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Posts tagged ‘striving’

It’s never too late to be happy

“Claiming our own lives creates fulfillment and joy. We don’t need to be controlled. We don’t deserve to be repressed or stifled. We don’t have to let anyone convince us that we do. We can trust ourselves. We know what we need, we know what we yearn for — we long to be set free.” Melody Beattie

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I started my walkabout 3 months ago with a powerful, but somewhat vague yearning to be free. I wasn’t really sure what freedom would look and feel like.  I feared I might just be running away. The ensuing months have convinced me of this one thing:

My walkabout is a proactive act of claiming my life for myself, which is resulting in a slow shedding of my own freedom-repressing patterns. Here’s one that is on its way out:

Striving for happiness.

Most of my life I have striven for one thing or another — hoping to finally be happy. But no matter what I achieved, there was always more striving and more plans for being happy in the future.

A friend called  the other day to ask me how I was. I answered “happy.” What a surprise!

But there it was.

I was happy.

I had arrived and didn’t know it.

There wasn’t really anything more I needed to do, be, or acquire to be happy.

Happy didn’t look like I thought it would either. I didn’t  have the conventional trappings of happy – a lot of money, a large house, a new car, (or  thousands of Facebook fans.) Happy obviously didn’t mean I wouldn’t have problems, worries, fears, or aches and pains (I still do.).

The difference is that anything else I do now or in the future isn’t going to make me any happier than I am now.

There is only doing what I am doing — and then doing the next thing.

I just finished reading the novel “Breaking out of Bedlam”, by Leslie Larson. The main character is an unhappy elderly woman named Cora. Her family puts her in assisted living because she has become a danger to herself. She loses everything familiar and her world comes crashing down.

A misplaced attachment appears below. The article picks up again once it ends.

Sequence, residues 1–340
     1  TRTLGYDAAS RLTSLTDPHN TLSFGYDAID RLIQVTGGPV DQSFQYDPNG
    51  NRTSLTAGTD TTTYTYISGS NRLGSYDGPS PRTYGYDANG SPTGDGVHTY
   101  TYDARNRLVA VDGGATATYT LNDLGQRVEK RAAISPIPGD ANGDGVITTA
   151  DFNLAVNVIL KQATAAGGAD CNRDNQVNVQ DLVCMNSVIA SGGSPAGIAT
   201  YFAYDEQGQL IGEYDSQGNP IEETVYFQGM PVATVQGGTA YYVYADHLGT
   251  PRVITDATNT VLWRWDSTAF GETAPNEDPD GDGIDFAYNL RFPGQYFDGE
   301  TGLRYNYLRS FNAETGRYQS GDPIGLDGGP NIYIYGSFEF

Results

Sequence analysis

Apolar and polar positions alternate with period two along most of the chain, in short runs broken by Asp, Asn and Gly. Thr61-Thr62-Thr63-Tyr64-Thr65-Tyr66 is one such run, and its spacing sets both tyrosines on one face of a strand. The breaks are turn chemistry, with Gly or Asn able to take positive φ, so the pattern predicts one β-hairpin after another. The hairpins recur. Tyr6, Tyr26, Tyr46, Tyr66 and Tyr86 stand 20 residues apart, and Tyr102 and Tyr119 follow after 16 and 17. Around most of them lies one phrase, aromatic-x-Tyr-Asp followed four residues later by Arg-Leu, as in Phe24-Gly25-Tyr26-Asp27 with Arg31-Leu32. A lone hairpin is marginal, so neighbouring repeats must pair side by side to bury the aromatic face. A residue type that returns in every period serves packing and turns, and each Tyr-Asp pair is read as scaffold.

BOOBpbkHer granddaughter gives her a blank journal. Cora considers it useless at first, but in her misery, she decides to do something she has never done before – she begins to write, and what she writes about is her own true story. Here’s an excerpt from the beginning of her journal:

“I’ve got a plan. I’m going to write down everything I ever wanted to say. I’m not holding back and I don’t give a damn what anybody thinks. Most people don’t tell the truth about their lives, including me. I’ve done things I’m not proud of. I lied to keep myself alive because life is hard and there’s things you got to do. But now I got nothing to lose. I’m going to tell the truth, once and for all.”

By the end of the book Cora has filled three blank journals, starts living a full (and rather lively) life in the assisted living home, and transforms herself. She claims her life, gives it a voice through writing and “breaks out of bedlam”, in her own way, to freedom. I won’t reveal the details, but the story has a happy ending!

It might have been nice to have allowed myself to be happy sooner, but even a moment of truly taking in happiness is a gift beyond all others. I have a friend who often says, “I can die happy now.” That’s what I feel too.

And Cora’s story is a reminder that  claiming our lives and giving it a voice — at any age and in any circumstances — can be transforming and freeing.

And that it is never too late to be happy.

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